3 volumes. Folio (21 4/8 x 18 2/8 inches). 48 EXCEPTIONALLY FINE lithographs with original hand-colour, heightened with gum arabic, after Richard Williamson James Black, R.K. Greville, and J. Wallace, engraved by A. Murray, Robert Black, Fr. Schenk, J. M'Nab and M.T. Masters, 4 mounted albumen photographs by F. Mason, one lithographic plate of maps, and numerous wood-engraved illustrations in the text (plates of the Sequoia Wellingtonia and Sequoia Sempervirens bound upside down, one or two plates a bit toned). Contemporary full gilt-panelled black calf, each cover broad borders of gilt roll-tools and filets, lettered in the centre of each front cover, all edges gilt (elegantly rebacked to style).
Provenance: with the bookseller's ticket of Shaw & Sons, Fetter Lane, London, on the rear paste-down of each volume; with the engraved armorial bookplate of Gerald Walter Erskine Loder,1st Baron Wakehurst, LLB JP DL (1861 – 1936), British barrister, businessman and Conservative politician, best remembered for developing the gardens at Wakehurst Place, Sussex, on the front paste-down of each volume; with the modern ownership inscription of Mr. H. Steuart Fothringham of Grantully Castle, on the recto of the first blank of Volume II.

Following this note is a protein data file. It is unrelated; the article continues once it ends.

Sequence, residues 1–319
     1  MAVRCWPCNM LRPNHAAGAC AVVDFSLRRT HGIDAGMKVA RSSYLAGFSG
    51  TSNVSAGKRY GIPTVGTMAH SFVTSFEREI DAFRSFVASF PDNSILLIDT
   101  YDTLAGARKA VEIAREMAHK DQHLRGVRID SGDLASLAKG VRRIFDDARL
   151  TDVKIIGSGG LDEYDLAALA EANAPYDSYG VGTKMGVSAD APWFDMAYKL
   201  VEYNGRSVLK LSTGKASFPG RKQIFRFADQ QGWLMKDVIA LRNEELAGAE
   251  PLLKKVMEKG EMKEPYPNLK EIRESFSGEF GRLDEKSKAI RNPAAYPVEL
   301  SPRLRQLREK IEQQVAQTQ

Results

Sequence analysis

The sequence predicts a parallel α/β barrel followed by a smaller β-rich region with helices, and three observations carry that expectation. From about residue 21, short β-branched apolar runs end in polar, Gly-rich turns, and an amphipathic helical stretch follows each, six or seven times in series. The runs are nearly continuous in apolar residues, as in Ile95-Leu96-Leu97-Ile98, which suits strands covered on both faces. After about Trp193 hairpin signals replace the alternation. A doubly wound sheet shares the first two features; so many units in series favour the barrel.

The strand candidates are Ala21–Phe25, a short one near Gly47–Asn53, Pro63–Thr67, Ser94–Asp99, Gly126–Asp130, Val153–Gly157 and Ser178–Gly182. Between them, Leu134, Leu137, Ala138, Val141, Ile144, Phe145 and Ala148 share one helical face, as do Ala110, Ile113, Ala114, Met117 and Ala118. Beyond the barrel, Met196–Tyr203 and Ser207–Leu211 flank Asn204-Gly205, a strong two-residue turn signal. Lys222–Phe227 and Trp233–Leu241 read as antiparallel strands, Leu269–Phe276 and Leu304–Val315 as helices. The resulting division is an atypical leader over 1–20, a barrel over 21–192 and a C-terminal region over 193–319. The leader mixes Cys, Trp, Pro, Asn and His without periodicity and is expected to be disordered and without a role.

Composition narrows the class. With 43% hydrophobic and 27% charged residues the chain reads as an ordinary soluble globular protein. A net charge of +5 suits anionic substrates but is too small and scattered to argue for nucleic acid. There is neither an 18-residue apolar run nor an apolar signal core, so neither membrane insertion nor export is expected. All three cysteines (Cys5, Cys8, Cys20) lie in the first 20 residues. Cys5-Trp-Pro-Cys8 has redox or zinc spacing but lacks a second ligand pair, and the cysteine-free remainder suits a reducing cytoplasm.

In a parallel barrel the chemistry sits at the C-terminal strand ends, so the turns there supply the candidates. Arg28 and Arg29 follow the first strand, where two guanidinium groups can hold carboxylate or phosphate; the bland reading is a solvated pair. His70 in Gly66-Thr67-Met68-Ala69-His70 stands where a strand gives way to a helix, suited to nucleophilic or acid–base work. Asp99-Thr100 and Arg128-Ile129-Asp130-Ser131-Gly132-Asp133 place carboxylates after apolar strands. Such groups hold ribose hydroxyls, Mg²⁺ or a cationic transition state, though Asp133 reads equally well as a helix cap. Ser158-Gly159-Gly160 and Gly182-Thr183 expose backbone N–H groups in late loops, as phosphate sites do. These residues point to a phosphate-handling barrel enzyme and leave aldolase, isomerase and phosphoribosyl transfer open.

First edition of one of the great British works on pines, Edward James Ravenscroft's "Pinetum Brittanicum," lavishly illustrated with colorful and refined depictions of many varieties of pine trees from both sides of the Atlantic. Many illustrations portray the trees in parks or other natural settings with human figures included in the compositions, belying Ravenscroft's ostensibly scientific goal in producing the work. Despite the great artistry and esthetic appeal of the images, however, the "Pinetum Brittanicum" is a testament to the great 19th-century fascination with natural history, as well as the impulse to classify and catalogue--two interests that went hand in hand and intensified dramatically over the course of the 1800s. Ravenscroft was one of the great talents to emerge in this period in the field of natural history illustration, combining aspects of beauty and science--normally considered antithetical--with apparently effortless grace. John Lindley contributed botanical descriptions for the first three parts, and Andrew Murray and Maxwell T. Masters wrote the remainder. Production began with substantial support by Peter Lawson & Son, who subscribed for 100 copies, and by French Emperor Napoleon III, who requested 30. Due to historical and financial upheavals, work on the "Pinetum" was suspended, but resumed again and it was issued complete in 1884. The end result clearly justified the decades-long production, for the scope and quality of Ravenscoft's splendid work on pines remains unmatched. [Nissen BBI 1588; Great Flower Books, p.127; Stafleu and Cowan 8685]. Catalogued by Kate Hunter